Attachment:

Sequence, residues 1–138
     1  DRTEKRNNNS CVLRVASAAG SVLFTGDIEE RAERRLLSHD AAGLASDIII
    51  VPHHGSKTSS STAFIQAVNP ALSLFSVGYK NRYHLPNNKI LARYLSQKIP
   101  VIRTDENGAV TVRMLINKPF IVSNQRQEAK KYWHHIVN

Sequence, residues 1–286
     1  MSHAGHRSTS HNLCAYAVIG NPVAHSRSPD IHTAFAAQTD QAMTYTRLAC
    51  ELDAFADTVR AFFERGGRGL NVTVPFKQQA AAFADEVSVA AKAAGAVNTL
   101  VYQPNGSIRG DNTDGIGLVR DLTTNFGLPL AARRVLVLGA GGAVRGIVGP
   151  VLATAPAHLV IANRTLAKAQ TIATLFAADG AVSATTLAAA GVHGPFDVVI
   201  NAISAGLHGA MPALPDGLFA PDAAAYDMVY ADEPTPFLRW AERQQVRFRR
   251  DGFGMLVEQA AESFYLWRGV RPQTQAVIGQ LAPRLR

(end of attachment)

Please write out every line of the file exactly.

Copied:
Sequence, residues 1–138
     1  DRTEKRNNNS CVLRVASAAG SVLFTGDIEE RAERRLLSHD AAGLASDIII
    51  VPHHGSKTSS STAFIQAVNP ALSLFSVGYK NRYHLPNNKI LARYLSQKIP
   101  VIRTDENGAV TVRMLINKPF IVSNQRQEAK KYWHHIVN

Sequence, residues 1–286
     1  MSHAGHRSTS HNLCAYAVIG NPVAHSRSPD IHTAFAAQTD QAMTYTRLAC
    51  ELDAFADTVR AFFERGGRGL NVTVPFKQQA AAFADEVSVA AKAAGAVNTL
   101  VYQPNGSIRG DNTDGIGLVR DLTTNFGLPL AARRVLVLGA GGAVRGIVGP
   151  VLATAPAHLV IANRTLAKAQ TIATLFAADG AVSATTLAAA GVHGPFDVVI
   201  NAISAGLHGA MPALPDGLFA PDAAAYDMVY ADEPTPFLRW AERQQVRFRR
   251  DGFGMLVEQA AESFYLWRGV RPQTQAVIGQ LAPRLR